While female representation across the maritime industry seems to have remained stable this year globally, there has been a slight increase in the size of the maritime gender pay gap in the UK, with a current gap of 43%, latest figures by Spinnaker’s Maritime HR Association reveal.
Spinnaker’s Maritime HR Association shared their gender pay gap statistics for 2020 with WISTA UK members. The pay gap was calculated using data by Maritime HR Association members, following recent publication of the shore-based salary reports.
Female representation in the industry accounted for a 42% female workforce globally and a 52% in the UK specifically.
However, after reporting a slow and steady decline in previous years, there was a slight increase in the size of the maritime gender pay gap in the UK.
The 2020 analysis found a mean gap of nearly 43%. In salary terms, this is equivalent to an average male salary of £67,000, compared to £38,500 for females,
…Spinnaker Global says.
The figures show that, as an industry, maritime remains very far behind the rest of the UK – with provisional figures for 2020 suggesting an overall gap of just under 15%.
Bonuses don’t seem to be as hard hit just yet, but with many members reporting bonus payments that had been agreed earlier in the year (prior to the full effect of COVID-19) it may be 2021 before the full impact will be seen.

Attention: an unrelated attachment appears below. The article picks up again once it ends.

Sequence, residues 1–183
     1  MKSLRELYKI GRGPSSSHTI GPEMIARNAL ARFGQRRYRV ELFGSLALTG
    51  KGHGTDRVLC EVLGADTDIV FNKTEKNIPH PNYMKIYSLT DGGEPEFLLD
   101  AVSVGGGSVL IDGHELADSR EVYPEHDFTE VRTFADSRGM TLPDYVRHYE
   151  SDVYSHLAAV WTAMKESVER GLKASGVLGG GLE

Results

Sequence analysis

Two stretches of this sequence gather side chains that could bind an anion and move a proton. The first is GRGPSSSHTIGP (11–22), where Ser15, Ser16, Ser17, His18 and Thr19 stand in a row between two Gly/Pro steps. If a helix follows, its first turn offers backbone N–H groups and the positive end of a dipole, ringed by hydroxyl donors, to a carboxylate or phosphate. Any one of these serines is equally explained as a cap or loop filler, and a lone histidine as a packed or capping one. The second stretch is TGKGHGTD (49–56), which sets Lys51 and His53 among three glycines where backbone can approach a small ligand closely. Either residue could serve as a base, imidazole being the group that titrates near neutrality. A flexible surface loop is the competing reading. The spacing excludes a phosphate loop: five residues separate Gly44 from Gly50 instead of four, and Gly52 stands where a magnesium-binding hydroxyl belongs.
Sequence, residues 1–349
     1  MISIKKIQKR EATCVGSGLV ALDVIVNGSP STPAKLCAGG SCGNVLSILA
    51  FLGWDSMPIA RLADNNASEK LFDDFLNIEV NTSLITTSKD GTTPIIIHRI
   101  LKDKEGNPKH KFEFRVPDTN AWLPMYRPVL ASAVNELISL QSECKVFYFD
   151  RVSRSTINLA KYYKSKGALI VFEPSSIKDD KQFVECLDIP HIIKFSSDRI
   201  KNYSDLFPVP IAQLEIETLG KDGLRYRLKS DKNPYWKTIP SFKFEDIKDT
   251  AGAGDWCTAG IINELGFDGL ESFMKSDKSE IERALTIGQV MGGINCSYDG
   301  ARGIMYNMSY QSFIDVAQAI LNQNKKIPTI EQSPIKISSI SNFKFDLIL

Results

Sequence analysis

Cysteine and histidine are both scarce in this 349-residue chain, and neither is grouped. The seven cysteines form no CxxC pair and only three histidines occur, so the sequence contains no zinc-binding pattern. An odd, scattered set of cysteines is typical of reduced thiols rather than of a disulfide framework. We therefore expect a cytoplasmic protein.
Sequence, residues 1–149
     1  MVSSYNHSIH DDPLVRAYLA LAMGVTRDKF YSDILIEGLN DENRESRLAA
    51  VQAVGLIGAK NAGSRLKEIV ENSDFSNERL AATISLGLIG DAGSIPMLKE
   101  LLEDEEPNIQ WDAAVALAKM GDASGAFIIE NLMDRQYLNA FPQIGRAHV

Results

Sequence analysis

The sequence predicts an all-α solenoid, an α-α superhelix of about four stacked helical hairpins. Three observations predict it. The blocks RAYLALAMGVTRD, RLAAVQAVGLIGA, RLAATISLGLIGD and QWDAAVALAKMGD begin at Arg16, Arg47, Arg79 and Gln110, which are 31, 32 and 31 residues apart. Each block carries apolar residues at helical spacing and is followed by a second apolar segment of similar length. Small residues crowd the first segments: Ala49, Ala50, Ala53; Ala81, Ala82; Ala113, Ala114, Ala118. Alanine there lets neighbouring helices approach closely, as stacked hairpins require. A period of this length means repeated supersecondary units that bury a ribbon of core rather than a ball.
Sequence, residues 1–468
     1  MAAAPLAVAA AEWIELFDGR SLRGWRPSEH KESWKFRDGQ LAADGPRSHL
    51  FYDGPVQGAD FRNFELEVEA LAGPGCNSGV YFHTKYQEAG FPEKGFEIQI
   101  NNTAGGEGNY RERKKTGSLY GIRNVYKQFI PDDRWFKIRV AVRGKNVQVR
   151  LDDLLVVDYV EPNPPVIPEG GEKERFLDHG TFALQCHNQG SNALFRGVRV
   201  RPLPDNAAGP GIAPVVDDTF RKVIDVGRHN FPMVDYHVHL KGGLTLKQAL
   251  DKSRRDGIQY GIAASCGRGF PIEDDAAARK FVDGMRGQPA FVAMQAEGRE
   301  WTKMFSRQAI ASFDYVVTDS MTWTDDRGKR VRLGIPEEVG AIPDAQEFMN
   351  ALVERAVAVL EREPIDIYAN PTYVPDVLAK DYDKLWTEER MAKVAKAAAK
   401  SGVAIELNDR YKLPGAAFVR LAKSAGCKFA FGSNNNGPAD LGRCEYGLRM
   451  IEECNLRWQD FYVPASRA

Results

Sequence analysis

The bonus gap itself has reduced slightly this year, with a median gap of 58%. Any reductions that have been seen in the number of bonus payments made overall has been evenly spread across the genders.
However, we continue to find male employees in the UK receiving larger bonus payments as well as being more likely to receive anything at all.
See also: Talking about the gender pay gap in shipping
Overall, the potential impact of the new pandemic reality on gender diversity should not be underestimated, Spinnaker says.
We’re entering a worsening labour market where businesses are having to make some very big decisions, as well as cultural and behavioural shifts – lots of small changes are being made to adjust existing people management processes and suit new ways of working. There is lots of scope in among all this change for certain minority groups to be both positively encouraged and engaged, but also disadvantaged.
Specifically, reports reveal that 17-year-old women were most likely to be furloughed; , while redundancies are a harsh reality too.
It’s not all doom and gloom though; flexible and home working that was previously considered impossible or impractical has been proven to work for so many of us…The improved work life balance arising (benefitting both men and women) should also drive new career opportunities for women that may not otherwise have been feasible.
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